Fugitive Safe Surrender programs let people wanted for non-violent offenses turn themselves in at a church. The planning required for the July 2016 Milwaukee event is extensive, but the results could be remarkable, if they mirror what other cities have experienced.
As many as 50,000 fugitives have peacefully surrendered across the county since communities began offering the program a decade ago.
Pete Elliott came up with the idea of giving fugitives a safe place to surrender while agonizing over the death of the Cleveland police officer. “Wayne (Leon) was shot by a fugitive on the run; shot in the head and killed,” Elliott says.
Elloitt, a U.S. Marshall in Ohio, says the officer had pulled over a driver for a traffic violation, not knowing the person was wanted. “When people are on the run and there’s a warrant issued for their arrest, they’re desperate, and desperate people commit desperate acts with tragic consequences,” he says.
Elliott wondered whether letting non-violent offenders turn themselves in at a place where they feel supported would remove the desperation. Leaders in Cleveland agreed to test his theory. They essentially converted a church into a courthouse for a few days and spread the word.
“You may not have to go to jail. Come to Mount Zion Church, where you can speak with a lawyer, meet with a judge and clear your warrant,” said an ad that organizers ran.
Elloitt’s idea has worked in thousands of cases. For instance, over four-days in Cleveland, more than 7,000 fugitives surrendered – some had been running for decades. He says a line started forming outside at three in the morning.
"We’ve had people who’ve walked through the doors of the church were able to get their warrants lifted and literally run out the door, waving a piece of paper like they had just won the lottery,” Elliott says.
He emphasizes that safe surrender is not amnesty. Judges still decide what actions the person must take to put themselves back in good standing. Yet Ohio Judge Joan Synenberg told a church gathering there that voluntarily surrendering can mean reduced penalties.
“When you come forward to accept the consequences, my office responds favorably,” Synenberg offered.
Organizers of successful Safe Surrender programs say the crucial ingredient is trusted clergy – the ministers present to people at birth, marriage and death. They have to sell the program and remain present throughout. For instance, in Akron, Ohio, Pastor Herman Matherson hosted a program at this church.
“This is not a trick. What we say is what will happen,” Matherson told his congregation.
Here in Milwaukee, Rev. Willie Brisco is taking a lead role.
“What the public needs to know is that this is coming, and it could be a huge difference in the lives of a lot of people in our community who live in the shadows. There are people who have fines and warrants that they think they will never be able to get out from under, so they refuse to try to go get jobs. This is a common sense, spiritual way of letting people know that we aren’t just about punishment, about retribution. We’re about restoration and recovery and that one crime or mistake should not impact your life forever,” Brisco says.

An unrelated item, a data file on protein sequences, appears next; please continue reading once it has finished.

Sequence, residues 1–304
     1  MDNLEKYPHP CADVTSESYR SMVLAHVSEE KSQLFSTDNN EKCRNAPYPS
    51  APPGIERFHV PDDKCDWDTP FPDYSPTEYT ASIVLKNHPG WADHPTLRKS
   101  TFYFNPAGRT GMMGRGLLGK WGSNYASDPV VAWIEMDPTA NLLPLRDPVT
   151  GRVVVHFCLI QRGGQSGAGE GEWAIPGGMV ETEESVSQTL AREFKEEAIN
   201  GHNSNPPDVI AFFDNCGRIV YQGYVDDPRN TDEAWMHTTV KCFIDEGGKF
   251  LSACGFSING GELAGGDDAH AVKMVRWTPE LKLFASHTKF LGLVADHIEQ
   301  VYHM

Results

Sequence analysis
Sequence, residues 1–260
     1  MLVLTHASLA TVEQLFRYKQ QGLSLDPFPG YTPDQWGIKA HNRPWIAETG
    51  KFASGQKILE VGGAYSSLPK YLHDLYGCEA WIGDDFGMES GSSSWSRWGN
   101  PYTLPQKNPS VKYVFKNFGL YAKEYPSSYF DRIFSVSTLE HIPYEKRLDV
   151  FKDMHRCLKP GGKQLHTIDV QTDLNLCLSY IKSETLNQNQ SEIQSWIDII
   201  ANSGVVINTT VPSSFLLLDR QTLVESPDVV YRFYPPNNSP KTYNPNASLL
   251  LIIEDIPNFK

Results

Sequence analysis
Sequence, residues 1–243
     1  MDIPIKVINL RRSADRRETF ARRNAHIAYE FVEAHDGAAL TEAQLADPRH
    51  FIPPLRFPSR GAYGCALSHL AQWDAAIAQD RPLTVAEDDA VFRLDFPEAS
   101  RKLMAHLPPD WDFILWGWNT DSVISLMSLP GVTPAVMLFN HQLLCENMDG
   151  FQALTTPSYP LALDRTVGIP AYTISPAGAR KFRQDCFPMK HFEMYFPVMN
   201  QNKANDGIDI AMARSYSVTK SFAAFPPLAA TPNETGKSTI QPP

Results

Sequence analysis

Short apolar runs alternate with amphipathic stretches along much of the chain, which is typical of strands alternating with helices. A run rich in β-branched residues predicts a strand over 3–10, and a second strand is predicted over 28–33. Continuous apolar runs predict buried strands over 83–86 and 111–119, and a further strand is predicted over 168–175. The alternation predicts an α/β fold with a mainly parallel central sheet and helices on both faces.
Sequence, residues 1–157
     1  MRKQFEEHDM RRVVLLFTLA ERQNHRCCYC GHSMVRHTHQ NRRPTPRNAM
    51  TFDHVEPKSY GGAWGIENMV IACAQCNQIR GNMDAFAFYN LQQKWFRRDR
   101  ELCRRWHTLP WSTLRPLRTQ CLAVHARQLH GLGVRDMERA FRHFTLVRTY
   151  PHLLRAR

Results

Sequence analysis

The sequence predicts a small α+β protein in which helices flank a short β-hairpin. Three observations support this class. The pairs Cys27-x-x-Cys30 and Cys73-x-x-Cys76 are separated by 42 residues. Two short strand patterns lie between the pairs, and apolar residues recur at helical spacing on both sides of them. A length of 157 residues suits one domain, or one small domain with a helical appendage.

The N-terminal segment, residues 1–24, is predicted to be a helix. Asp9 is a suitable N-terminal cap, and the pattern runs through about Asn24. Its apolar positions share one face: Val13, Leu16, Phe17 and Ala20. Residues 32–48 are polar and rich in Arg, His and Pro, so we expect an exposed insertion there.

Brisco says he recognizes the challenges and delicacies involved in weaving together a Safe Surrender program. First, the logistics - finding a church with the capacity to serve as a criminal justice center for a few days; then getting everyone from police to judges to public defenders to take part, and finally, convincing people on the run to trust the program.
Fugitive Safe Surrender founder Pete Elliott says sometimes they're prodded by loved ones and watch from the parking lot.
"Typically, on the first day, you see the least amount of people. On the last day, you see the most, because a lot of it is still about word of mouth and trust," Elliott says.
According to Elliott, it is impossible to quantify how many violent confrontations have not occurred involving fugitives, police and community members, due to the program. One person who turned himself in when the window opened in Philadelphia is James Williams.
“It was a very positive and very emotional experience because I never knew a church and law enforcement community to link up that before,” Williams told NPR.
Each community tailors its own plan. Some have brought in driver’s license services and job placement agencies.
Planning is underway in Milwaukee to offer a Safe Surrender program in July 2016. Among the organizers are MICAH, or Milwaukee Inner City Congregations Allied for Hope, and the Medical College of Wisconsin.
MICAH estimates that upwards of 50,000 Milwaukee residents have arrest warrants for non-violent offenses including low-level drug crimes, burglary and unpaid traffic fines.